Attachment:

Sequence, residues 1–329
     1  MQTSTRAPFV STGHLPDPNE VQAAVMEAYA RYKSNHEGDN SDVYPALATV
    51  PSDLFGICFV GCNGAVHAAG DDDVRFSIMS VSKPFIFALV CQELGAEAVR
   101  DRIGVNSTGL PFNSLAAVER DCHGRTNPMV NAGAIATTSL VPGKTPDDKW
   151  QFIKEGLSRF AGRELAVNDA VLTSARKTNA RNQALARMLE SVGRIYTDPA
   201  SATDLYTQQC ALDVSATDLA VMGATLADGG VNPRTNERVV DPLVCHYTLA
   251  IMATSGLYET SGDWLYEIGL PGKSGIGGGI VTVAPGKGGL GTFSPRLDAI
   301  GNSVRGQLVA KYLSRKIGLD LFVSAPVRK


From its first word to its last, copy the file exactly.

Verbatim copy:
Sequence, residues 1–329
     1  MQTSTRAPFV STGHLPDPNE VQAAVMEAYA RYKSNHEGDN SDVYPALATV
    51  PSDLFGICFV GCNGAVHAAG DDDVRFSIMS VSKPFIFALV CQELGAEAVR
   101  DRIGVNSTGL PFNSLAAVER DCHGRTNPMV NAGAIATTSL VPGKTPDDKW
   151  QFIKEGLSRF AGRELAVNDA VLTSARKTNA RNQALARMLE SVGRIYTDPA
   201  SATDLYTQQC ALDVSATDLA VMGATLADGG VNPRTNERVV DPLVCHYTLA
   251  IMATSGLYET SGDWLYEIGL PGKSGIGGGI VTVAPGKGGL GTFSPRLDAI
   301  GNSVRGQLVA KYLSRKIGLD LFVSAPVRK